24. Dhimitër Zografi
    (Dimitri Zografi)
  25. Murad Toptani
    (Murad Toptani)
  26. Pandeli Cale
    (Pandeli Cale)
  27. Luigj Gurakuqi
    (Luz Gurakuqi)
  28. Bedri Pejani
    (Bedri Pejani)
  29. Spiridon Ilo
    (Spiro T. Ÿlo)
  30. Thanas Floqi
    (Thanas V. Floqi)
  31. Qemal Mullaj
  32. Lef Nosi
    (Lef Nosi)
  33. Myrteza Ali Struga
    (D. H. Murtezi)
  34. Nuri Sojliu
  35. Mustafa Merlika-Kruja
    (Mustafa Asim Kruja)
  36. Ferid Vokopola
    (M. Ferid Vokopola)
  37. Ymer Deliallisi
  38. Xhemal Deliallisi
    (Cemmalyyddin bey)
  39. Nebi Sefa
    (Nebi Sefa Lusja)
  40. Zyhdi Ohri
    (Zuhdi Ohria)

Assembly of Vlorë

Further information: Assembly of Vlorë

The day of the Proclamation of Albanian Independence illustrated on the front page of the Austro-Hungarian newspaper Das Interessante Blatt published on 12 December 1912.

Under these circumstances, delegates from all over Albania were gathered in the Assembly of Vlorë (Albanian: Kuvendi i Vlorës). Ismail Qemali returned to Albania with Austro-Hungarian support and, at the head of a swiftly convened national assembly, declared Albanian independence in the town of Vlora on 28 November 1912. The declaration was more theoretical than practical because Vlora was the only town in the whole country under the delegates' control―yet it proved to be effective in the vacuum of power. Though Albanian independence was recognised de facto on 17 December 1912 at the London Conference of Ambassadors, it was not until 29 July 1913, after the second Balkan War and the solving of the delicate problem of Shkodra, that the international community agreed to recognise Albania as a neutral, sovereign and hereditary principality. The newspaper Përlindja of Vlora described it as follows:[7]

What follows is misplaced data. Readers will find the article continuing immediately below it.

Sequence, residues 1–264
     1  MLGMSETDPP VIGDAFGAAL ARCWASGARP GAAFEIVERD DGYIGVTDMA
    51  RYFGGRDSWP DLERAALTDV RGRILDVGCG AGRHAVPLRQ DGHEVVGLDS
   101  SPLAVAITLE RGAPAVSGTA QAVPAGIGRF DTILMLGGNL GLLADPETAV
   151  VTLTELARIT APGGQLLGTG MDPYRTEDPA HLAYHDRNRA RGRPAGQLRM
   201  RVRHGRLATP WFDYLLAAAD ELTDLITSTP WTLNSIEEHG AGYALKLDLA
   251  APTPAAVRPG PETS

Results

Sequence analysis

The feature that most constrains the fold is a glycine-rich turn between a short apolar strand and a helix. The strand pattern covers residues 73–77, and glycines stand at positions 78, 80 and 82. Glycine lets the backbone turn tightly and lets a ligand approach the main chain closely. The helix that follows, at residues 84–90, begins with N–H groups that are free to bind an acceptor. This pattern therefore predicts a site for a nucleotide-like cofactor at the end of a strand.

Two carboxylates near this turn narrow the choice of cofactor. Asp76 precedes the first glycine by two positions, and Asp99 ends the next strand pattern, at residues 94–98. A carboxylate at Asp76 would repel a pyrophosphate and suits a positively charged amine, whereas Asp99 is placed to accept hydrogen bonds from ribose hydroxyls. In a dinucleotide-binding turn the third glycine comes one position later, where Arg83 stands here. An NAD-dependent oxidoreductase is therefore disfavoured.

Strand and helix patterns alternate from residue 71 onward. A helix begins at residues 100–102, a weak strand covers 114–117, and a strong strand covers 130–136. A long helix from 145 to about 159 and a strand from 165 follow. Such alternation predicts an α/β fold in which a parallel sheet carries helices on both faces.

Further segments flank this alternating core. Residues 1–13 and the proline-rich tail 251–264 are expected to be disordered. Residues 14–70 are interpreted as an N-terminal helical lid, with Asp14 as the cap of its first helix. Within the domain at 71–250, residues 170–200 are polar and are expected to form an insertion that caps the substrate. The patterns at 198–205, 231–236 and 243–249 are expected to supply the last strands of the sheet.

The National Assembly, composed of delegates from all over Albania and convening here in Vlora, opened today at four in the afternoon at the house of Xhemil bey. Ismail Kemal bey, as the prime initiator of the gathering, took the floor and explained to the delegates the purpose of the assembly, that is, that they all must strive to do what is necessary to save Albania from the great perils it is now facing.

The chairman, Ismail Kemal Bey, then took the floor and, in an ardent, fluid and reasonable speech, stated that although they had always been faithful to the Ottoman Empire, the Albanians had never forgotten their own language and nationality, the best proof of this being the endeavours and uprisings that had taken place from time to time, in particular over the last four years, to preserve their rights and customs. The Ottoman Government had never taken their interests into consideration and had never been willing to recompense the Albanians for the great services they had rendered. It had recently shown some interest in coming to an understanding with our people, but had not given proof of good faith and had not taken all the steps needed to appease and satisfy the Albanians. War had recently broken out with four countries in the Balkans that were seeking change and rights for their peoples, united by their ethnicity and religion.